Investors in traditional index funds are effectively investing in the entire market.
They’re trying to capture market returns, occasionally known as beta. But there’s plenty of academic evidence to show that by exposing their portfolios to specific risk factors, investors can and do beat the market over the long term.
A world-renowned authority on so-called factor investing is Larry Swedroe.
He explains that factors are nothing more than a characteristic, a trade or a style of investing that can be expressed even across asset classes.
So you could buy value, which is buying what’s cheap in stocks, bonds, commodities or even currencies.
The problem for investors today is in the academic literature over 600 factors have been discovered.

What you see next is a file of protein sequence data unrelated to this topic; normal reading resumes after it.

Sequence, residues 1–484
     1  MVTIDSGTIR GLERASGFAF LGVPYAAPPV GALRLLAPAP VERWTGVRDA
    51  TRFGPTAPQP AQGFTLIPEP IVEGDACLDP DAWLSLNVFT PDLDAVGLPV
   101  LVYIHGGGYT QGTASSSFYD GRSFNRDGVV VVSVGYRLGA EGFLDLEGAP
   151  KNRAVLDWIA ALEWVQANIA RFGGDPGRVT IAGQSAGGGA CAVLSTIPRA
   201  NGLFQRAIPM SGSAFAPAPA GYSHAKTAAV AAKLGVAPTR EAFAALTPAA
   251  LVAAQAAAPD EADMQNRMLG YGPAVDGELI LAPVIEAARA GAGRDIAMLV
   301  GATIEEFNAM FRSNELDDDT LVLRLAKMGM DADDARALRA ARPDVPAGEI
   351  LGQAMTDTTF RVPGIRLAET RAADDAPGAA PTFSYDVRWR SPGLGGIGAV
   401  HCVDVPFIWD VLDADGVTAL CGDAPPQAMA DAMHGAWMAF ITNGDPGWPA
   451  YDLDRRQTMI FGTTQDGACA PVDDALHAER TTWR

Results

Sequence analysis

John Cochran calls it a zoo of factors.
So how to know which of the 600 are worth investing in?
Larry Swedroe identifies just eight factors that met all the relevant criteria.
Certainly, size and value funds have become increasingly popular. But is that a problem for factor investors? In other words do the premiums start to disappear as more and more people choose to gain exposure to them.
For the factors that have been identified many of them do disappear, but on average they shrink about one-third.
So money does come in, and if you buy the cheap stocks you push their prices up. You push down by shorting or avoiding the overvalued stocks if you will, the spread between them narrows and then the premium obviously would shrink.
A final word of caution. Yes factors such as size and value do tend to outperform over the long term, but investors can go for many years without seeing the value over and above traditional indexing.
So you need to be patient.